Surgisphere’s website is now down, but what remains is this infuriating evidence of how we are mishandling even the most critical data such as medical records. A data provenance issue that was left unchecked for years has significantly disrupted the life-saving efforts, derailed many other studies, and spread even more confusion at this critical time.
The Sisyphus Rock #︎
Silos, discoverability, and provenance are all complex problems that will not disappear overnight. Solving them requires a continuous process of incremental improvements. Unfortunately, we believe that our workflows are not suited even for that.
Ability to make sustainable progress as a society requires a strict and rigorous workflow, and our main and only tool for that is the scientific method. However a striking 90% of the scientists believe that reproducibility - the cornerstone of the scientific method - is in a crisis. Scientists not only can’t reproduce experiments done by other researchers, but often can reproduce even their own work!
We believe that this problem is rooted in how we manage data. There is no reliable and widely accepted way to make any improvements to data. Whenever a dataset is downloaded from a trusted source even a single well-intentioned modification completely invalidates its trustworthiness.
By changing a single bit in a dataset you are in fact create a completely new dataset validity of which cannot be easily verified.
Whenever you download a dataset from GitHub or Kaggle that someone else has converted or cleaned up you are putting an enormous amount of trust in them, hoping that they have not accidentally or maliciously altered the data. Only by repeating all the steps yourself you can ensure that this data can be trusted. Therefore, all significant data science projects have to start with the data from the authoritative source, even though this means spending weeks on data preparation.
Data science is stuck in a loop where all forward progress is constantly lost because no mechanism exists for making incremental improvements to data.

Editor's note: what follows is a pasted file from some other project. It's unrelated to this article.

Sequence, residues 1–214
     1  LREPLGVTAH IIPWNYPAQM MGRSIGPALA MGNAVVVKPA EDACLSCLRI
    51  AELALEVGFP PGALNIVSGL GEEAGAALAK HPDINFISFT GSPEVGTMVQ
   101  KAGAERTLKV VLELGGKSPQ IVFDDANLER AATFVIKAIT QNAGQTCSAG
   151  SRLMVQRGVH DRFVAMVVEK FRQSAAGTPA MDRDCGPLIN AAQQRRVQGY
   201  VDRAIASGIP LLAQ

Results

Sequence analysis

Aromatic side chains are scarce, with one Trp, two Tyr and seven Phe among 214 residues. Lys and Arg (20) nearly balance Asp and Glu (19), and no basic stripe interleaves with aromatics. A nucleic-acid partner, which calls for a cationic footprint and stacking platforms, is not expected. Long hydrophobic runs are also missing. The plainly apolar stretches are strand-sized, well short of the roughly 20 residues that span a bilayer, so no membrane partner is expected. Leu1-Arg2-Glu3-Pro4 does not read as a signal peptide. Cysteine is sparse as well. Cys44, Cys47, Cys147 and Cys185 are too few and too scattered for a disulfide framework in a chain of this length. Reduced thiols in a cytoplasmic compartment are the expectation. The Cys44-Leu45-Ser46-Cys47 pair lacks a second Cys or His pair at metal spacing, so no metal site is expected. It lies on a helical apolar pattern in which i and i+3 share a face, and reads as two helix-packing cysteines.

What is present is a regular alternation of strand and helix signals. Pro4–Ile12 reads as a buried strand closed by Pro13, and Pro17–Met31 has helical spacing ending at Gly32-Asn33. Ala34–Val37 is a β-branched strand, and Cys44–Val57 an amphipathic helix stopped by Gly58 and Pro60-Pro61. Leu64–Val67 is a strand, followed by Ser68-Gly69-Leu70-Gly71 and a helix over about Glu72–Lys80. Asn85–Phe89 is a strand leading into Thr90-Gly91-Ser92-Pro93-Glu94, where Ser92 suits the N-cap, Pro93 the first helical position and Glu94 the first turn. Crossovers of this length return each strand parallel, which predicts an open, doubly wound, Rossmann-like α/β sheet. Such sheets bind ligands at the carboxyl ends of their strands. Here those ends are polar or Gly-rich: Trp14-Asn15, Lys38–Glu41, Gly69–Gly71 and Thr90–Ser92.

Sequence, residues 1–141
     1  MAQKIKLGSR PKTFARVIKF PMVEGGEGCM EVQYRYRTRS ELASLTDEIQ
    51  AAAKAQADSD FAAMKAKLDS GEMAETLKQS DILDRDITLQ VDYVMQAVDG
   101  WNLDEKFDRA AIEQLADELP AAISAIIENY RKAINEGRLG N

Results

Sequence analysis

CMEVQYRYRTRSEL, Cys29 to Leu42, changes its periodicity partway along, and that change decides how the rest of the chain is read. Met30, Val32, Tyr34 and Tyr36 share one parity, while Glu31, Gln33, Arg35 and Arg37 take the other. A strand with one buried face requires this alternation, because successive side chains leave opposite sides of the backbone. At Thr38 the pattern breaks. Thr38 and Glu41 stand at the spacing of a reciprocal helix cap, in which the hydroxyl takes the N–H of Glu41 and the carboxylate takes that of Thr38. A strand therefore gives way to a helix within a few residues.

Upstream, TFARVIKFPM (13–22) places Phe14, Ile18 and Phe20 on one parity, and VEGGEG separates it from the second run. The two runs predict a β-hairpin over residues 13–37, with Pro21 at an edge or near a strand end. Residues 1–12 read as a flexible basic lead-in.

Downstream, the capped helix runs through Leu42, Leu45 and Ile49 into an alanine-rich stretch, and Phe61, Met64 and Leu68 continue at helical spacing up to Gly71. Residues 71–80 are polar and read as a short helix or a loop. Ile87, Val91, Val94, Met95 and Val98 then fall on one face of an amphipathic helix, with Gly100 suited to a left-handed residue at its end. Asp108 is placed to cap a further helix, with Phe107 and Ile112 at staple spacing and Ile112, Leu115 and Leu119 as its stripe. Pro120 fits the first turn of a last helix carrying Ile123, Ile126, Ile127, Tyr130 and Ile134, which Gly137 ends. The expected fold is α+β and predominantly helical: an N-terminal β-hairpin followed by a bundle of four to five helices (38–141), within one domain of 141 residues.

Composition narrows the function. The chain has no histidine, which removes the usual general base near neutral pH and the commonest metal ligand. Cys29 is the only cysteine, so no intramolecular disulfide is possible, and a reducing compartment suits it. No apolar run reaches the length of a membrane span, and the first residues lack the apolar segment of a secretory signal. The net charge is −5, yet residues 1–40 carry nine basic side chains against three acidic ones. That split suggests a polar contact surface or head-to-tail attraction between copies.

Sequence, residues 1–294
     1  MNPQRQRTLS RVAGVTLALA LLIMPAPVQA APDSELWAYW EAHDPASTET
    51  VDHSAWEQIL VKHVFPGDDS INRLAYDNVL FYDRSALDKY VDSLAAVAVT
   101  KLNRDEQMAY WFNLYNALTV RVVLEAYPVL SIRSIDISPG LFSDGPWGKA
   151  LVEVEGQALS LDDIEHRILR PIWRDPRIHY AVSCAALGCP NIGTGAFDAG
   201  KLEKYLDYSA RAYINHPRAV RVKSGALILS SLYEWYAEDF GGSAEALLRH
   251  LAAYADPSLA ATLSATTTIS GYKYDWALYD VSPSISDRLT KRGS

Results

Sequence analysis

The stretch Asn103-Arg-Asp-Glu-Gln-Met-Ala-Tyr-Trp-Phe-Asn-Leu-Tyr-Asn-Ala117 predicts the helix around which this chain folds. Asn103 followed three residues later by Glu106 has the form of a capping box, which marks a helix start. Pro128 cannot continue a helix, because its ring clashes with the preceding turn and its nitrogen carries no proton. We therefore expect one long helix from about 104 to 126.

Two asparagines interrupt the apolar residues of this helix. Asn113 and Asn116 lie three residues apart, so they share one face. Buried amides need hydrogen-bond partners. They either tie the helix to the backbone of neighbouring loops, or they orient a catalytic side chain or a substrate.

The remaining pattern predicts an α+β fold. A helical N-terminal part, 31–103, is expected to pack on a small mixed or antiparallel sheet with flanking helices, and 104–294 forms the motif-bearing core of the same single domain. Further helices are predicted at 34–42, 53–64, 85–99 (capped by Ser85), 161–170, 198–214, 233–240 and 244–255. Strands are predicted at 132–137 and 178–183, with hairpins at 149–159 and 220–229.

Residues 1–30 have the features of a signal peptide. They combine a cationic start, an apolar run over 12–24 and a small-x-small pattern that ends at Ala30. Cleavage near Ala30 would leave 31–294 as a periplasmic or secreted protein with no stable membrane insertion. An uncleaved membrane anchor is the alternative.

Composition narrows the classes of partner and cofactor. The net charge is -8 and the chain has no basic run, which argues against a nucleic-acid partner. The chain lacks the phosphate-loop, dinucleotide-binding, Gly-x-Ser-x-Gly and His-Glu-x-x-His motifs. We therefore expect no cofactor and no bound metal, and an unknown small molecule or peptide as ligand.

We believe that the key missing piece of the puzzle is trust. Without trust, collaboration is simply not possible. While an implicit trust within one organization might be enough, trust on a global scale cannot be blind - it is only achievable through transparency, reproducibility, and verifiability of the results.
Open Data Fabric #︎
We created Open Data Fabric (or ODF) to become the world’s first global supply chain for data.
It addresses things like:
- Getting data from publishers to consumers reliably and fast
- Letting people collaborate on cleaning and enriching data in a transparent and verifiable way
- Guaranteeing the reproducibility of all results
- Allowing for reuse of data and making it more readily available
- Creating an environment of verifiable trust between participants without the need for a central authority
ODF is a protocol specification for decentralized exchange and transformation of data. By having an open specification we are hoping to engage with the data community and improve the protocol together.
The protocol is currently implemented in our kamu-cli tool that serves as a reference implementation, and in kamu-engine-spark and kamu-engine-flink that use powerful Apache Spark and Apache Flink frameworks as pluggable data processing engines.
How It Works #︎
If I had to describe the technical side of ODF in one sentence I’d put it as follows:
Open Data Fabric is a decentralized collaborative streaming data processing pipeline with full reproducibility and fine-grain provenance.
I know, it’s a lot to unpack. Below I will give a birds-eye view of the system we’re building. If you’re looking for a technical deep-dive you might want to go straight to the spec.